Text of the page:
Our member Cultura Bank from Norway supports the “In the same boat” initiative.


Learn more reading the article by Rolf-Ørjan Høgset, Project manager.

Photo: In the same boat 

Since “In the same boat” was established in 2017, we have cleared more than 800,000 kilograms of plastic garbage from Norway’s coast.  

We have facilitated more than 50,000 hours of volunteering and walked over approximately 8,000 kilometres of shoreline in search of ownerless plastic. Our permanent beach cleanup crew consists of young people from both Norway and other countries, who set aside 2 months or more to stay on board our sailboats and clear beach litter on a voluntary basis. These are environmentally engaged, and often highly educated young adults, who want to learn more about oceans and sustainability. 

The experiences they gain from their stay with In The Same Boat, they carry with them in their further education and career, and they become eternal ambassadors for a clean and sustainable ocean through their personal social networks. 

Volunteers from Norway and abroad

In addition to working with long-term volunteers, we help local volunteers along the entire coast to get out into the archipelago, or to retrieve the plastic garbage they have cleared on their own initiative. By collecting and handling regulatory submission of the waste, we lower the threshold for clearing along the entire coast. 

The business sector also contributes labour by sending its own personnel out as “volunteers” on our cruises, and we have brought personnel from the oil industry, fisheries and aquaculture with us. 

Up to 80% of what we clean is waste from fishing activities, and only about 2% comes from personal consumption. Several research papers report that most of the waste comes from Norwegian sources, but some also from our closest neighbouring countries around the North Sea. 

Those who profit from the use of plastic should pay for the clean-up! 

We’ve got control of the fight against litter, and we know how to tame the plastic monster. However, our biggest challenge has been to cover the costs of staying afloat, to cover the salaries of professional captains and team leaders, to fuel and to pay the loans on our vessels. In a world where most industries in one or more ways build their fortunes precisely on products made of plastic, or where plastic is somehow an important part of the value chain, it is difficult and painful not to be included. We really should be part of the value chain. The costs of manufacturing and disseminating goods made of plastic or plastic packaging would also include the cost of cleaning up what has gone astray.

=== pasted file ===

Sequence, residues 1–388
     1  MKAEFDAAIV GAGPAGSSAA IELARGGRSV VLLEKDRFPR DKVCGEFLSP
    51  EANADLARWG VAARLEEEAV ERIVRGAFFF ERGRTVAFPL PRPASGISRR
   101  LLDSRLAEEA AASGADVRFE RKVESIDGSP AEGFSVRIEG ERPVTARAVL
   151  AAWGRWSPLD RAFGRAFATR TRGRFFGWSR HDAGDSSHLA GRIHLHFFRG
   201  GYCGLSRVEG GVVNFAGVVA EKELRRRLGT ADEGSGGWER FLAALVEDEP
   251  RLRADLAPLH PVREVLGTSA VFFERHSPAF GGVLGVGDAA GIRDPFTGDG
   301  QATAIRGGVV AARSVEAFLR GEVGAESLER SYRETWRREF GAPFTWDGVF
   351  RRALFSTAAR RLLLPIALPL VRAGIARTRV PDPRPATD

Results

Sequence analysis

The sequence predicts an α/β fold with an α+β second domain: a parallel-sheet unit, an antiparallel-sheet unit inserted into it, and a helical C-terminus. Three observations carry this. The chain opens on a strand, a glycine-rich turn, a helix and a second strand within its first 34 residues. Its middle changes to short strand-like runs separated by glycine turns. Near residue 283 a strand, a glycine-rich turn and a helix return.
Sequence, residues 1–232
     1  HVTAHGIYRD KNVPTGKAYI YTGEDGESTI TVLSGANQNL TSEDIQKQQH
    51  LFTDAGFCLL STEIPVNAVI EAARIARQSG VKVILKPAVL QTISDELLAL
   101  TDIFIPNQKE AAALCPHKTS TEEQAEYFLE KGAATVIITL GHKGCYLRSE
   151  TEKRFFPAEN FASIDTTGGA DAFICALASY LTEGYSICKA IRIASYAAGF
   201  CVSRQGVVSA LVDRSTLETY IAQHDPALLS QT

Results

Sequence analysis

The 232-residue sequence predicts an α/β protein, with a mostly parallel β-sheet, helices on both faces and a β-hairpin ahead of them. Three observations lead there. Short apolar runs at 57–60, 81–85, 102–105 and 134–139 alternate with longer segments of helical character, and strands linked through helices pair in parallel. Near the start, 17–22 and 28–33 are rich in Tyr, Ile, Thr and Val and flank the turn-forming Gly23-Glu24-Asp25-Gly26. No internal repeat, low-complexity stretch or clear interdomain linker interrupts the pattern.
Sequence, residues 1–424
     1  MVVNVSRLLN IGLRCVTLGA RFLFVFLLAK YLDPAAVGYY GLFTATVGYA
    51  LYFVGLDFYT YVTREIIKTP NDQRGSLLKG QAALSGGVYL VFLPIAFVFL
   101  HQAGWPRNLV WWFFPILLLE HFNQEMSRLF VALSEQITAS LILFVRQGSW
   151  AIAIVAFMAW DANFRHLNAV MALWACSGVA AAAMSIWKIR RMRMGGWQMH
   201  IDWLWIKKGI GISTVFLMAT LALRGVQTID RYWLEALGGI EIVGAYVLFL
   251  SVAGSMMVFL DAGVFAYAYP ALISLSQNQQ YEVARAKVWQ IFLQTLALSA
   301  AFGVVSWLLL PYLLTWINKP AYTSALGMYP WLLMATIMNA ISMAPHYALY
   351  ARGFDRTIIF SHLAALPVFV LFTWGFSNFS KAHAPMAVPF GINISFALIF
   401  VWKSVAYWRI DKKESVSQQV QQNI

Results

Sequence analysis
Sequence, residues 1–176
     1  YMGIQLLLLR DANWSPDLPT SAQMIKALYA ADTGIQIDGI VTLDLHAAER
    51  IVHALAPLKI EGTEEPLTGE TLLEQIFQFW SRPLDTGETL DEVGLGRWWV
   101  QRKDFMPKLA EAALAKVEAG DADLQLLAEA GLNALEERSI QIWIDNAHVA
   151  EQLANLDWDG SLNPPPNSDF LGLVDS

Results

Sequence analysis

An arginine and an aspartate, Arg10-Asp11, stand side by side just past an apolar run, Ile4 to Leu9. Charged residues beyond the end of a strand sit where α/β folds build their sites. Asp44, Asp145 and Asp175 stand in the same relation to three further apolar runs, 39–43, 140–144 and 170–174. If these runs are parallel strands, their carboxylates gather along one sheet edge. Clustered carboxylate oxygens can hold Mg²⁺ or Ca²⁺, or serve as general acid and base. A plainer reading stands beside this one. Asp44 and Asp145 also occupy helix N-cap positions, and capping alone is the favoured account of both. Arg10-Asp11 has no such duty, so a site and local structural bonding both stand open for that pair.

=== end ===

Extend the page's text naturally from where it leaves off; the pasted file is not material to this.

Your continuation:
Despite how conscious the population and businesses have become today and how much we know about the sources and harmful effects of litter, no one is yet taking financial responsibility for the plastic that is going astray, and business interest organisations are fighting hard to control regulations, orders and taxes that that will help reduce litter. As we see it, contributions to the clean-up of plastic litter should be a commitment for all companies involving plastics in their operations and value chains. There could have been a small fee on the bottom line, or that the employees had to participate in at least one day of clean-up per year each.  In fact, there’s not much it takes if everyone joins us. 

Anyone can participate 

Our goal is to enable absolutely everyone to participate – both businesses, organizations and individuals.  The threshold should be as low as possible, and we cooperate with both the Archipelago Service and the outdoor advice along the coast. For those who cannot send labour in the form of employees, it is possible to participate a little in the split on the costs. We make sure to keep our vessels and infrastructure running both to get people out into the archipelago to clean up, and to retrieve the garbage. We also collaborate with the waste industry and businesses who specialize in recycling, so that as much of the plastic we collect as possible can be turned into new products, rather than being burned to become energy. Since a large part of our workforce is voluntary, and our working methods developed over many years are highly effective, we are a world leader in cost-effectiveness.  We are convinced that Norway has the world’s most beautiful coast, and with the help and support of the business community, we will do everything we can to make it the cleanest in the world.